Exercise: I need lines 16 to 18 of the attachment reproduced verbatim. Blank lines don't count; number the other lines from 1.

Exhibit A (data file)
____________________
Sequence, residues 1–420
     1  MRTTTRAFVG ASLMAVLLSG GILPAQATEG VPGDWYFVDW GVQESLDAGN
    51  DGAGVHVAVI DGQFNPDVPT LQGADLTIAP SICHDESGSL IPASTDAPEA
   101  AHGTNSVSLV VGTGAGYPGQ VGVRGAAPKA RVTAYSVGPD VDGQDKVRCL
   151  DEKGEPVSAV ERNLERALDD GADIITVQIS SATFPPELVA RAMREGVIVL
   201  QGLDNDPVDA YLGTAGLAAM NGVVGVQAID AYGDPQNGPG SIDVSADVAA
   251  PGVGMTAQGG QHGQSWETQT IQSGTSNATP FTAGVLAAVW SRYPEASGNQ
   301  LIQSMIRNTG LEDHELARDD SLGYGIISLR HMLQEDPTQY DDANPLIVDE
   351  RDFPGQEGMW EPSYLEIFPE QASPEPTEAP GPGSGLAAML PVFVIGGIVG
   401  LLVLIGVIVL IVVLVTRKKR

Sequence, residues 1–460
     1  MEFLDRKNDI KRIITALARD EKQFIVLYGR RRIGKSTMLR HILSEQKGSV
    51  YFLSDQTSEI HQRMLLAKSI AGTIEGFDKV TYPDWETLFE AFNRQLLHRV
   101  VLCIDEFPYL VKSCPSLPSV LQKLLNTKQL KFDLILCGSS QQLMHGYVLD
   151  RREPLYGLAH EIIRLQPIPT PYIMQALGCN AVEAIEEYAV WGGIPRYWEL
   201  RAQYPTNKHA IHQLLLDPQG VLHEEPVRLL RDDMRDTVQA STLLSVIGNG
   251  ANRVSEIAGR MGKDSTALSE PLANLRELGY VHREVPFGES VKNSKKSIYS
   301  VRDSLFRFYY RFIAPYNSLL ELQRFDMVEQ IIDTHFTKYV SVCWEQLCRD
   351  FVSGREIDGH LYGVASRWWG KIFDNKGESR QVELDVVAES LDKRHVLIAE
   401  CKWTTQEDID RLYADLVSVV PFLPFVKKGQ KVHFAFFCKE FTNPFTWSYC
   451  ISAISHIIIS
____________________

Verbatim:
   201  RAQYPTNKHA IHQLLLDPQG VLHEEPVRLL RDDMRDTVQA STLLSVIGNG
   251  ANRVSEIAGR MGKDSTALSE PLANLRELGY VHREVPFGES VKNSKKSIYS
   301  VRDSLFRFYY RFIAPYNSLL ELQRFDMVEQ IIDTHFTKYV SVCWEQLCRD